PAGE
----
Bring your yacht, hire one or just take a pleasure boat cruise along the 200 kilometer coastline.
Land and water sports: Other water sports include kayaking, deep sea fishing, swimming, snorkeling and scuba diving.
Land sports include ample tennis courts, motor racing at more than 300 kph (185 mph) on the Algarve racetrak, skydiving or soccer at a variety of sports complexes, horseback riding at the Vilamoura equestrian center, mountain biking or trekking through the Algarve mountains and ordinary road cycling.
Culture: Various peoples have inhabited the Algarve -- Arabs (five centuries of Islamic occupation), Romans, Greeks, Phoenicians, Carthaginians and Celts.
The Algarve is home to 13th-century castles, 16th-century churches, modern museums, local arts and crafts, markets and music, from old folk through new wave.
Nature: From stunning Cabo de Sao Vicente, where the west and south Algarve coasts meet, to the Reserva Natural do Sapal de Castro Marim in the east on the Spanish border (and home to one of the largest flamingo habitats in Europe), the Algarve is awash with nature reserves.
The most beautiful is the Parque Natural de Ria Formosa around the region's capital Faro. You can leave civilization behind and rucksack along the 300-kilometer (186 mile) Via Algarviana, a great way to take in the Algarve's natural beauty.
Spa: Here SPA means Sanus Per Algarve ("Health through Algarve") and spa lovers can indulge in aromatherapy, thalassotherapy, sports and therapeutic massages, hot stone therapies, reflexology, yoga or reiki.
You can also visit Caldas de Monchique, a natural spa since Roman times when it was known as Aguas Sagradas (Sacred Waters).
Beach: The Algarve has more than 100 beaches along its 200-kilometer (124 miles) coastline, many of them usually deserted.
Hotels and resorts
The Algarve is filled with five-star hotels and resorts, plus options for those on a tight budget. For a complete list of accommodation in the Algarve go to www.visitalgarve.pt.
The Conrad: Opened in September 2012 and the only Conrad hotel in Portugal, this luxurious residence, created in the form of a Moorish palace to reflect the Algarve's Moroccan influence, is already winning awards.
Voted the World's Leading New Resort at the World Travel Awards in December 2012, it's spa includes a Caribbean storm shower complete with piped-in birdsong and thunder and lightning effects.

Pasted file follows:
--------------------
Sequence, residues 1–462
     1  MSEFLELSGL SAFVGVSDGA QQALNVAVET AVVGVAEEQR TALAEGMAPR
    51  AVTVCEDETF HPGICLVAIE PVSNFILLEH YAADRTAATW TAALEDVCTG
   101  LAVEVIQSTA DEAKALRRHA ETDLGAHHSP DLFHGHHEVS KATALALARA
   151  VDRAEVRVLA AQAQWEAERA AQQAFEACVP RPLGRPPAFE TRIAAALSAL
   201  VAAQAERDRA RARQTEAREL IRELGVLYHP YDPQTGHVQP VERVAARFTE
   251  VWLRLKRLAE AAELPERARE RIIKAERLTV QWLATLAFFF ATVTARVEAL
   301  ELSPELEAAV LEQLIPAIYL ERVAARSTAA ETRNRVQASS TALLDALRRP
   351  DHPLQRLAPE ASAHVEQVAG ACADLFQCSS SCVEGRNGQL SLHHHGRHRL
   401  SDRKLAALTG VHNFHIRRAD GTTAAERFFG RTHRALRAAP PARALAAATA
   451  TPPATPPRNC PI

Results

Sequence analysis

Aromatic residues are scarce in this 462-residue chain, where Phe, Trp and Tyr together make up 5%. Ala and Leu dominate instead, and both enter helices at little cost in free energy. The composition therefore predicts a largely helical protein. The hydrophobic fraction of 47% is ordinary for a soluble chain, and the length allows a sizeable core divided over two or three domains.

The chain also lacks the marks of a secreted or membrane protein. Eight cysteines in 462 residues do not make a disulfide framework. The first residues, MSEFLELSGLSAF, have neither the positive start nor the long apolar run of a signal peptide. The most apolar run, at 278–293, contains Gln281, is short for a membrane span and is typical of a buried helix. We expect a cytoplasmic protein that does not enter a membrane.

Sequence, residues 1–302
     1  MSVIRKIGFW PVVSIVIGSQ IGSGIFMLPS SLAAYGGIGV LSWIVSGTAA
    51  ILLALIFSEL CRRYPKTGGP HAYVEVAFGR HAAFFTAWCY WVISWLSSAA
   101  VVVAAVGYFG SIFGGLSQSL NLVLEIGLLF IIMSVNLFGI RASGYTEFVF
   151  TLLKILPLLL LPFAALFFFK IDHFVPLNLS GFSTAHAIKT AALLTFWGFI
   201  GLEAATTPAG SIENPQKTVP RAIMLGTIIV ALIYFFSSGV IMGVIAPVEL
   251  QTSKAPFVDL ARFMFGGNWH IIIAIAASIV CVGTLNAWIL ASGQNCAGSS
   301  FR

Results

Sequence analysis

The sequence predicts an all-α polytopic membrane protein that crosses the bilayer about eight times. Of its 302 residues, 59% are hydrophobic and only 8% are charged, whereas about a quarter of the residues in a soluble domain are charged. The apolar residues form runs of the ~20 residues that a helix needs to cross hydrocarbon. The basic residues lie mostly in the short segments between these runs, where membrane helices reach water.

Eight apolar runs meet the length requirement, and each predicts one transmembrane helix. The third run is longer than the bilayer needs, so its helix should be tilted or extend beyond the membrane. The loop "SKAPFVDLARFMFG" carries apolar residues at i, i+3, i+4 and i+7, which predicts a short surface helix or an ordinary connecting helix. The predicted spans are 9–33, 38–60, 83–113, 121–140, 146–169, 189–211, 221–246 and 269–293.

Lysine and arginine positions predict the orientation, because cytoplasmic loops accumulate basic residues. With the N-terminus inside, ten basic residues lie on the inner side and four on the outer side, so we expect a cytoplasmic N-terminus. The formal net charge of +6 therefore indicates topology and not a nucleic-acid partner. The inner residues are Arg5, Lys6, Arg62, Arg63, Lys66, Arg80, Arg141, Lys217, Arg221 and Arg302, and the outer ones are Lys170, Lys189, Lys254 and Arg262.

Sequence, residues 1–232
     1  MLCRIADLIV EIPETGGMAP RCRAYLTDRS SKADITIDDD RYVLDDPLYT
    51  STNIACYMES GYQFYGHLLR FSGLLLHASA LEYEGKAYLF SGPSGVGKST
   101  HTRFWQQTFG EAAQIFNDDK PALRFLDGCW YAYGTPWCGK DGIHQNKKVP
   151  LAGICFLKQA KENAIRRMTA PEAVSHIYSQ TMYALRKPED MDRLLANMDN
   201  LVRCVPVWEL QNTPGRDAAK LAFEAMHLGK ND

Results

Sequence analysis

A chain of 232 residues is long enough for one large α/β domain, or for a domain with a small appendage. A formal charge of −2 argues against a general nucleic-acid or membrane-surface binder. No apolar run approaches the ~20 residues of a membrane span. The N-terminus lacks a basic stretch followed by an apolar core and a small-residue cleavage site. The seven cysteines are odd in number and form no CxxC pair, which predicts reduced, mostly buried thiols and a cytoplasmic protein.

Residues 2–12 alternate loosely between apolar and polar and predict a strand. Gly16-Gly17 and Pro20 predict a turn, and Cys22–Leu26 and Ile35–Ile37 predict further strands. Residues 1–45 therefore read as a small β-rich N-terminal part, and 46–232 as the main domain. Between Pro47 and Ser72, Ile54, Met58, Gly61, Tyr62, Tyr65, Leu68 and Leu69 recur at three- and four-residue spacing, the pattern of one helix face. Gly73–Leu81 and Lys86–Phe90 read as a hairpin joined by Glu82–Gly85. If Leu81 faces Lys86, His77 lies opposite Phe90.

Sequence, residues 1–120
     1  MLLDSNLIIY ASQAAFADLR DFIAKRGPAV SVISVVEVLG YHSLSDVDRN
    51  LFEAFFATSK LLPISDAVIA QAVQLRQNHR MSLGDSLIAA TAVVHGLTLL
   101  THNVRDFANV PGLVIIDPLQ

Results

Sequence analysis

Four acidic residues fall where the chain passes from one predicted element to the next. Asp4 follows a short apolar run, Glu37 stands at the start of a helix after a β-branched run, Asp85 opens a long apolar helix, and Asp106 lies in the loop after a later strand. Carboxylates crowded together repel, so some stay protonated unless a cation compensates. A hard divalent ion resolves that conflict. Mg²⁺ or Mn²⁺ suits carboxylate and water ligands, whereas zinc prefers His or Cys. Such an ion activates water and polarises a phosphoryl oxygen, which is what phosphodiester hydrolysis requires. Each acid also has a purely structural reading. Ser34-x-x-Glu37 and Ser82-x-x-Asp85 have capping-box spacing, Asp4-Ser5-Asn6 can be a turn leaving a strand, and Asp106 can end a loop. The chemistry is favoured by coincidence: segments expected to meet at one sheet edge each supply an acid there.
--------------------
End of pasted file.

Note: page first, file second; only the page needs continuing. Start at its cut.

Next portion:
Quinta do Lago, Almancil; +351 289 350 700; from ?209 (US$272) per night; www.conradalgarve.com
The Pine Cliffs Resort: Voted Portugal's Leading Family Resort in 2009 by World Travel Awards, the Pine Cliffs Resort includes a Sheraton Hotel and 280 apartments, town houses and villas.
Its restaurants serve seafood, Portuguese, Italian, Moroccan and Mediterranean cuisine.
There's also a 7,000-square-meter Kids Club and almost every leisure and sporting activity known to man.
Praia da Fal?sia, Albufeira; +351 289 500 100; from ?66 (US$86) per night; www.pinecliffs.com
Vila Gal? Ampalius Hotel: Located 10 meters from the marina in Vilamoura, the Vila Gal? Ampalius is a four-star beauty.
It has two outdoor swimming pools, great views from room balconies and is ideally situated to explore Vilamoura, the biggest resort town in Europe, loaded with nightclubs, restaurants and a casino.
Alameda Praia de Marina, Vilamoura; +351 289 303 900; from ?68 (US$88) per night; www.vilagale.co.uk
The Hotel Quinta do Lago: This beautiful hotel has a gracious staff. The rooms are good, food is great and views from the upper floor rooms across the Ria Formosa Nature Reserve, the Atlantic Ocean and coastline make for spectacular sunsets.
Quinta do Lago, Almancil; +351 289 350 350; from ?335 (US$435) per night; www.quintadolagohotel.com
Quinta Monte Serra: This charming farmhouse in the eastern Algarve, close to Tavira, is owned by?Jean-Jacques de Coninck. He's transformed four of the farm buildings into beautiful cottages, retaining the old rural exteriors while completely modernizing the interiors with kitchens and bathrooms.
The tranquillity is disturbed only by the occasional sounds of the local wildlife.
Esti Rainanteus, Tavira; +351 961 142 562; from ?350 (US$455) per week; www.monte-serra.com
For more details on all the Algarve go to www.visitalgarve.pt.
Plumbing fixtures and appliances in your home use various quantities of water. If you want to be more energy-efficient, then there are various options that can be used to obtain a greener home.